CYP2A6 genetic variation and dexmedetomidine disposition

Utkarsh Kohli, Pratik Pandharipande, Mordechai Muszkat, Gbenga G. Sofowora, Eitan A. Friedman, Mika Scheinin, Alastair J.J. Wood, E. Wesley Ely, Rachel F. Tyndale, Leena Choi, C. Michael Stein, Daniel Kurnik*

*Corresponding author for this work

Research output: Contribution to journalArticlepeer-review

45 Scopus citations


Purpose There is a large interindividual variability in dexmedetomidine dose requirements for sedation of patients in intensive care units (ICU). Cytochrome P450 2A6 (CYP2A6) mediates an important route of dexmedetomidine metabolism, and genetic variation in CYP2A6 affects the clearance of other substrate drugs. We examined whether CYP2A6 genotypes affect dexmedetomidine disposition. Methods In 43 critically ill ICU patients receiving dexmedetomidine infusions adjusted to achieve the desired level of sedation, we determined a median of five plasma dexmedetomidine concentrations each. Forty subjects were genotyped for five common CYP2A6 alleles and grouped into normal (n033), intermediate (n05), and slow metabolizers (n02). Results Using a Bayesian hierarchical nonlinear mixture model, estimated dexmedetomidine clearance was 49.1 L/h (posterior mean; 95% credible interval 41.4-57.6 L/h). There were no significant differences in dexmedetomidine clearance among normal, intermediate, and slow CYP2A6 metabolizer groups. Conclusion Genetic variation in CYP2A6 does not appear to be an important determinant of dexmedetomidine clearance in ICU patients.

Original languageAmerican English
Pages (from-to)937-942
Number of pages6
JournalEuropean Journal of Clinical Pharmacology
Issue number6
StatePublished - Jun 2012
Externally publishedYes

Bibliographical note

Funding Information:
Funding This work was supported by Vanderbilt Clinical and Translational Science Award from the National Center for Research Resources [1 UL 1 RR024975]; National Institutes of Health grants [P01 HL56693, R21 AG034412, GM31304, and DA 020830]; and Center for Addiction and Mental Health and the Canadian Institutes for Health Research grant [MOP86471]. Dr. Pandharipande is supported via the Veterans Affairs Career Development Award, the American Society of Critical Care Anaesthesiologists-Foundation for Anaesthesia Education and Research Mentored Research Grant and the Vanderbilt Physician Scientists Development Award. Dr. Ely is supported by a Veterans Affairs Merit Award and National Institutes of Health grant [R01 AG027472-01A1]. Dr. Tyndale is a recipient of a Canada Research Chair in Pharmacogenetics. Dr. Choi is supported by National Institutes of Health grant [R21 AG034412]. Dr. Stein is the recipient of the Dan May Chair in Medicine.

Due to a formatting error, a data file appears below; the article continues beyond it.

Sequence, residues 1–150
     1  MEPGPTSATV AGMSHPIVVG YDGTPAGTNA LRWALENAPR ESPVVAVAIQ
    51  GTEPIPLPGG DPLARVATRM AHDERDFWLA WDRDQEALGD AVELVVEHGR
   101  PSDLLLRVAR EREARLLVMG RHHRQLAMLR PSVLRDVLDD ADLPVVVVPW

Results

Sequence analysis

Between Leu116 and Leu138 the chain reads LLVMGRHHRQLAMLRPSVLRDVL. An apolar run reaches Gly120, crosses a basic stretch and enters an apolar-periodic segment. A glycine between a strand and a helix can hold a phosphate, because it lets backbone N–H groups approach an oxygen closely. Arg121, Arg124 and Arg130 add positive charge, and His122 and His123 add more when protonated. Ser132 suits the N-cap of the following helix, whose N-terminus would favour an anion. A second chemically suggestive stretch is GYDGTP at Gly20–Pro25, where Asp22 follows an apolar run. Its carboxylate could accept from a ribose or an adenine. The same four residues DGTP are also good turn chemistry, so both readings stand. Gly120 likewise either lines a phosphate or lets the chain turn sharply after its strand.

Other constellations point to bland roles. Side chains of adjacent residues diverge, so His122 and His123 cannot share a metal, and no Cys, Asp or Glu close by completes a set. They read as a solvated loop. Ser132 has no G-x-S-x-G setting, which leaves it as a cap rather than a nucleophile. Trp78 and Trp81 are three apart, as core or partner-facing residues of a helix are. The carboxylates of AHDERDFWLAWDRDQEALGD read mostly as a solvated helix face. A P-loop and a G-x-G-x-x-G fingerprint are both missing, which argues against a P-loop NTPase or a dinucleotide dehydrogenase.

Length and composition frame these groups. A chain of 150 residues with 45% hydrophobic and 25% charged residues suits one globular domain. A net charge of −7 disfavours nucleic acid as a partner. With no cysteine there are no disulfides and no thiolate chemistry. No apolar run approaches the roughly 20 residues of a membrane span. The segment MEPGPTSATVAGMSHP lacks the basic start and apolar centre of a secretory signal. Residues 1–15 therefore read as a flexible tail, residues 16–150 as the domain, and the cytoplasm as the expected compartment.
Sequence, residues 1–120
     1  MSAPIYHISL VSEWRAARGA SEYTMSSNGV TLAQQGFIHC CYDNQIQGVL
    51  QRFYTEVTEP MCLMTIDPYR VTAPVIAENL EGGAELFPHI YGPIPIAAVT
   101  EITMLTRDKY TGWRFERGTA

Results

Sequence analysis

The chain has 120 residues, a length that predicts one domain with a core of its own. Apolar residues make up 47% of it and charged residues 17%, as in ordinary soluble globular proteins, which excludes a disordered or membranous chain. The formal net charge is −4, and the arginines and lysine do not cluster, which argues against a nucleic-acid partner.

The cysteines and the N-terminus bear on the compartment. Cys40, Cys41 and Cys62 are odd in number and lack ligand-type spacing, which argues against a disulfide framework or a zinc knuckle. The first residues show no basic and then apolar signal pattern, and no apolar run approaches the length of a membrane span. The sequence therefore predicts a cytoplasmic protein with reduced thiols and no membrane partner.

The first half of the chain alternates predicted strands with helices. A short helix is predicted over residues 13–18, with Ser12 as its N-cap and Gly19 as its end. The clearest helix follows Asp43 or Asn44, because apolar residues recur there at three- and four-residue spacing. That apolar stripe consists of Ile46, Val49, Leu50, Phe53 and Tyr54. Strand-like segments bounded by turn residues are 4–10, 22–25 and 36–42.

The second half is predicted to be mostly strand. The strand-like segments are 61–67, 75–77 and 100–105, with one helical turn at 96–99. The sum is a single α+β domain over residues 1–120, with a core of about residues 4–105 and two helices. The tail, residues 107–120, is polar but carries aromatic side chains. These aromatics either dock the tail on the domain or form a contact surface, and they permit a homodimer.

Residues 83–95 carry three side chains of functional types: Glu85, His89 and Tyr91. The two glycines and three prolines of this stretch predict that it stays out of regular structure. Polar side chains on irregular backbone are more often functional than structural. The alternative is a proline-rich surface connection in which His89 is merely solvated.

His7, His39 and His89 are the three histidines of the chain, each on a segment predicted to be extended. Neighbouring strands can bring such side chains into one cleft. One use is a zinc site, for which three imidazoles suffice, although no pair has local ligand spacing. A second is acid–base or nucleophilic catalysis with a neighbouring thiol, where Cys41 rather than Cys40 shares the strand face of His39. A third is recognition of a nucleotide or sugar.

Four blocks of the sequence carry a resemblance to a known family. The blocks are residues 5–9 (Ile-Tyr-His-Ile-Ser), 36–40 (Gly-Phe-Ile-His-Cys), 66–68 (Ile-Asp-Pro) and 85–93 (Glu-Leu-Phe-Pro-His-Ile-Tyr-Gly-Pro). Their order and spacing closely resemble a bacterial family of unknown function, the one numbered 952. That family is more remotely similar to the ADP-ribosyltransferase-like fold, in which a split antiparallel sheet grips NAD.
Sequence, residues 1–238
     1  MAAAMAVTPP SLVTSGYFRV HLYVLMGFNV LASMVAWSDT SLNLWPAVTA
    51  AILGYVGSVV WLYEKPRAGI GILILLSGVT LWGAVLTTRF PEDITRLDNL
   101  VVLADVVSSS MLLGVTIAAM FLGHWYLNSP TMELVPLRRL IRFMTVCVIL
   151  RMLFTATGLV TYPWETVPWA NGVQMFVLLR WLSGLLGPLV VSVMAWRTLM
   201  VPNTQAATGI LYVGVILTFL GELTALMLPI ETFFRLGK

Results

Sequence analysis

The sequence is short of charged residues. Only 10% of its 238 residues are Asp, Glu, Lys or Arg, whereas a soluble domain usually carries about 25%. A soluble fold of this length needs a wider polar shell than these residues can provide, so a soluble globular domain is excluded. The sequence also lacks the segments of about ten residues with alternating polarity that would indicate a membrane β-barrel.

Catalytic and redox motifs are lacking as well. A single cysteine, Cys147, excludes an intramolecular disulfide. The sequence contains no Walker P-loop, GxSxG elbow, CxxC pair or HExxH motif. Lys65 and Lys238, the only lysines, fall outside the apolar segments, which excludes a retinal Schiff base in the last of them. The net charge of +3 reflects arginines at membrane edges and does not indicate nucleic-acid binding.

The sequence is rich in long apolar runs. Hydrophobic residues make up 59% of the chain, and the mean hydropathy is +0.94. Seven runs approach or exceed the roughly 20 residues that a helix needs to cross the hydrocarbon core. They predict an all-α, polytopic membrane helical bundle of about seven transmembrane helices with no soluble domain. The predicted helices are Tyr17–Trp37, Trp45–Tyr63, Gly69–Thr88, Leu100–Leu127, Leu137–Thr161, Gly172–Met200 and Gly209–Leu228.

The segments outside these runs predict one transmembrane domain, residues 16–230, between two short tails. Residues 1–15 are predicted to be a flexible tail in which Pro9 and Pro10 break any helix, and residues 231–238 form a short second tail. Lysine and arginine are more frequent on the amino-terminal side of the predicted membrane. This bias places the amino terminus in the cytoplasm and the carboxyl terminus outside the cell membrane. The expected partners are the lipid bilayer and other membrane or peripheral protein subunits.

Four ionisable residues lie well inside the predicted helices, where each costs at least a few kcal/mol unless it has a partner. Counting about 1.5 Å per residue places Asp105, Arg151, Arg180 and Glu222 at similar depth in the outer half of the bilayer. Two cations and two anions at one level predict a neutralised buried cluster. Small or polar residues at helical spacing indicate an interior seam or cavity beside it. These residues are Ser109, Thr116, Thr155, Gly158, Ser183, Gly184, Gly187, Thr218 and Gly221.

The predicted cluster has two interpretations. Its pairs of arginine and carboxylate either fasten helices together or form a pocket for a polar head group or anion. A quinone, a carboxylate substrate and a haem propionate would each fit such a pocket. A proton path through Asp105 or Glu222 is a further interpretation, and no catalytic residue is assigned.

Funding Information:
The laboratory of Dr. Scheinin has contract research relationships with Orion Corporation (Espoo, Finland) and Hospira (Lake Forest, IL, USA). Hospira has a license agreement with Orion Corporation concerning dexmedetomidine (Precedex®). Dr. Scheinin has received speaker fees and consulting fees from Orion Corporation, Dr. Pandhar-ipande has received research funding and honoraria from Hospira Inc., and Dr. Ely has received honoraria and grants from Hospira, Lilly, Pfizer, Glaxo Smith Kline, and Aspect Medical. None of the other authors has a conflict of interest relevant to the work presented.


  • Bayesian modeling
  • CYP2A6
  • Dexmedetomidine
  • Pharmacogenetics


Dive into the research topics of 'CYP2A6 genetic variation and dexmedetomidine disposition'. Together they form a unique fingerprint.

Cite this